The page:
METHODS: Chemotherapy-naive asymptomatic or mildly symptomatic men (n = 872) with metastatic castration-resistant prostate cancer (mCRPC) who were treated with the androgen receptor inhibitor enzalutamide in the PREVAIL study were analyzed post hoc for rising versus nonrising PSA (empirically defined as 41.05 vs ⩽ 1.05 times the PSA level from 3 months earlier) at the time of radiographic progression. Clinical characteristics and disease outcomes were compared between the rising and nonrising PSA groups. 
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PCAN: October 2017

Blood-based and Urinary Prostate Cancer Biomarkers: A Review and Comparison of Novel Biomarkers for Detection and Treatment Decisions

BACKGROUND: The diagnosis of prostate cancer (PCa) is currently based on serum PSA testing and/or abnormal digital rectal examination and histopathologic evaluation of prostate biopsies. The main drawback of PSA testing is the lack of specificity for PCa. To improve early detection of PCa more specific biomarkers are needed. In the past few years, many new promising biomarkers have been identified; however, to date, only a few have reached clinical practice.
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PCAN: September 2017

Meta-analysis of metabolic syndrome and prostate cancer

Abstract

BACKGROUND: Metabolic syndrome (MetS) and prostate cancer (PCa) are highly prevalent conditions worldwide. Current evidence suggests the emerging hypothesis that MetS could play a role in the development and progression of several neoplasms. The aims of this study are to evaluate the impact of MetS and MetS factors on PCa incidence, on the risk of high-grade PCa and to analyze the role of MetS and single MetS components on the development of aggressive PCa features.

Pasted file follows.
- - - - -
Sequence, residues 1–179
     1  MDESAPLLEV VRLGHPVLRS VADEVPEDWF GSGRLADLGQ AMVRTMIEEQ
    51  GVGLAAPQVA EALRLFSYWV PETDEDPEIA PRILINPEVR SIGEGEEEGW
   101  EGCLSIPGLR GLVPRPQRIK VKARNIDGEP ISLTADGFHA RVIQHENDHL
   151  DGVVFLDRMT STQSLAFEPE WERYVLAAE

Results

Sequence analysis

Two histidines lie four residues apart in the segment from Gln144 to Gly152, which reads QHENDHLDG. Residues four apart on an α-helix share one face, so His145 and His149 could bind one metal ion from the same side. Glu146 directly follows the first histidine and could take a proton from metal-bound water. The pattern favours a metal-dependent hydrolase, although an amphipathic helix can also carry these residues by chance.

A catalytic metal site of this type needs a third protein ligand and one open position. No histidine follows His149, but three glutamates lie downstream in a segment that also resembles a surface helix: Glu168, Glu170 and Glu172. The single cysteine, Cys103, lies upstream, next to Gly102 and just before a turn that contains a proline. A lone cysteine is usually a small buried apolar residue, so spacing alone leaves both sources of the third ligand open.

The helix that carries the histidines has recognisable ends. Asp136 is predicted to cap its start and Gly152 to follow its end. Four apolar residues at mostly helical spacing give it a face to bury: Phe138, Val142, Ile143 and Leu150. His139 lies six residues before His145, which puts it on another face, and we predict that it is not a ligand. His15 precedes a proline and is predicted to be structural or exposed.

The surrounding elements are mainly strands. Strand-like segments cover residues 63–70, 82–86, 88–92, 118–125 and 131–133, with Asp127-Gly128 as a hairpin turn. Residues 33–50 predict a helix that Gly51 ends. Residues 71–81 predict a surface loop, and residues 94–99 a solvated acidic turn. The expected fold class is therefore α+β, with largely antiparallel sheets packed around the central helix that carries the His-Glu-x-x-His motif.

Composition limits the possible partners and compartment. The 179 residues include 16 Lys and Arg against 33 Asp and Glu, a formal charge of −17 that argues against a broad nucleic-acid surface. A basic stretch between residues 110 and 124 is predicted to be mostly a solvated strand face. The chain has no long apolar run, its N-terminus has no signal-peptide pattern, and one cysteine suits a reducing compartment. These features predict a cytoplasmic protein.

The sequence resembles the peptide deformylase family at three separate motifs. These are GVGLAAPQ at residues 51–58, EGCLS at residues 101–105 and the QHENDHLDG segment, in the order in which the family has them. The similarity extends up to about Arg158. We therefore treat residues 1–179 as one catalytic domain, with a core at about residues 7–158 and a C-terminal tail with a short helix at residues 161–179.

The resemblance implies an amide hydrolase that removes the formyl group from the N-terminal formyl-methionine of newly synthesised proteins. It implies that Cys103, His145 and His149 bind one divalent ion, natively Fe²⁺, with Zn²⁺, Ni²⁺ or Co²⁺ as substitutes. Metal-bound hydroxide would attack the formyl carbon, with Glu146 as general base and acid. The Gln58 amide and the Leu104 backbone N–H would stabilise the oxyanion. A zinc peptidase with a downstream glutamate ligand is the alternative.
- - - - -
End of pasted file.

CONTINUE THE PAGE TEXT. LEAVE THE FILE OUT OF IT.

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PCAN: August 2017

PET imaging of prostate-specific membrane antigen in prostate cancer: current state of the art and future challenges.

BACKGROUND: Prostate-specific membrane antigen (PSMA) is a cell surface enzyme that is highly expressed in prostate cancer (PCa) and is currently being extensively explored as a promising target for molecular imaging in a variety of clinical contexts. Novel antibody and small-molecule PSMA radiotracers labeled with a variety of radionuclides for positron emission tomography (PET) imaging applications have been developed and explored in recent studies.
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PCAN: July 2017

Androgen deprivation therapy for prostate cancer and dementia risk: a systematic review and meta-analysis

BACKGROUND: Androgen deprivation therapy (ADT) to treat prostate cancer may be associated with an increased risk of dementia, but existing studies have shown conflicting results. Here we synthesize the literature on the association of ADT for the treatment of prostate cancer with dementia risk.